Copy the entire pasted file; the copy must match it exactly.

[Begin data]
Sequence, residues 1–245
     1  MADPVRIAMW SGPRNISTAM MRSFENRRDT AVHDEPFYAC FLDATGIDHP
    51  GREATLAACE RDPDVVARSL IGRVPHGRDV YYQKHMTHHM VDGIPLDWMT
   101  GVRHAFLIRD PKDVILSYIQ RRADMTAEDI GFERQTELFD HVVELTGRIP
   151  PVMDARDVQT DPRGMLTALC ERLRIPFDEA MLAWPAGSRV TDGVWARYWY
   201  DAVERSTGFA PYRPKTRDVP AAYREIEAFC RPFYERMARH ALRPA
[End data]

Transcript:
Sequence, residues 1–245
     1  MADPVRIAMW SGPRNISTAM MRSFENRRDT AVHDEPFYAC FLDATGIDHP
    51  GREATLAACE RDPDVVARSL IGRVPHGRDV YYQKHMTHHM VDGIPLDWMT
   101  GVRHAFLIRD PKDVILSYIQ RRADMTAEDI GFERQTELFD HVVELTGRIP
   151  PVMDARDVQT DPRGMLTALC ERLRIPFDEA MLAWPAGSRV TDGVWARYWY
   201  DAVERSTGFA PYRPKTRDVP AAYREIEAFC RPFYERMARH ALRPA